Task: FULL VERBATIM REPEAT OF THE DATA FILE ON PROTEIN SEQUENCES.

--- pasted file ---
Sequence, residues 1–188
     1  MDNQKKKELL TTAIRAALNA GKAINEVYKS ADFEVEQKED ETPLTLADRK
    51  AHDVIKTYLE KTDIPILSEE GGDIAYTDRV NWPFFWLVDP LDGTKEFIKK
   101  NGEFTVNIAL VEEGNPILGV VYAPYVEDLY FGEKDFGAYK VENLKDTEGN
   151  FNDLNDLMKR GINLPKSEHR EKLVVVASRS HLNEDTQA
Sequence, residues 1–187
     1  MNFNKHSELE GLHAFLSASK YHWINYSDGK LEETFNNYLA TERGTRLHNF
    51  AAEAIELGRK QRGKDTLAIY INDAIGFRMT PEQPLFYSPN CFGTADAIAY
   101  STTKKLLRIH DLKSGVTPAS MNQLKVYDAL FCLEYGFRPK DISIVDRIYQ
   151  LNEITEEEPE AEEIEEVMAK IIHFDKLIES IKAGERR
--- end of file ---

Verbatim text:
Sequence, residues 1–188
     1  MDNQKKKELL TTAIRAALNA GKAINEVYKS ADFEVEQKED ETPLTLADRK
    51  AHDVIKTYLE KTDIPILSEE GGDIAYTDRV NWPFFWLVDP LDGTKEFIKK
   101  NGEFTVNIAL VEEGNPILGV VYAPYVEDLY FGEKDFGAYK VENLKDTEGN
   151  FNDLNDLMKR GINLPKSEHR EKLVVVASRS HLNEDTQA
Sequence, residues 1–187
     1  MNFNKHSELE GLHAFLSASK YHWINYSDGK LEETFNNYLA TERGTRLHNF
    51  AAEAIELGRK QRGKDTLAIY INDAIGFRMT PEQPLFYSPN CFGTADAIAY
   101  STTKKLLRIH DLKSGVTPAS MNQLKVYDAL FCLEYGFRPK DISIVDRIYQ
   151  LNEITEEEPE AEEIEEVMAK IIHFDKLIES IKAGERR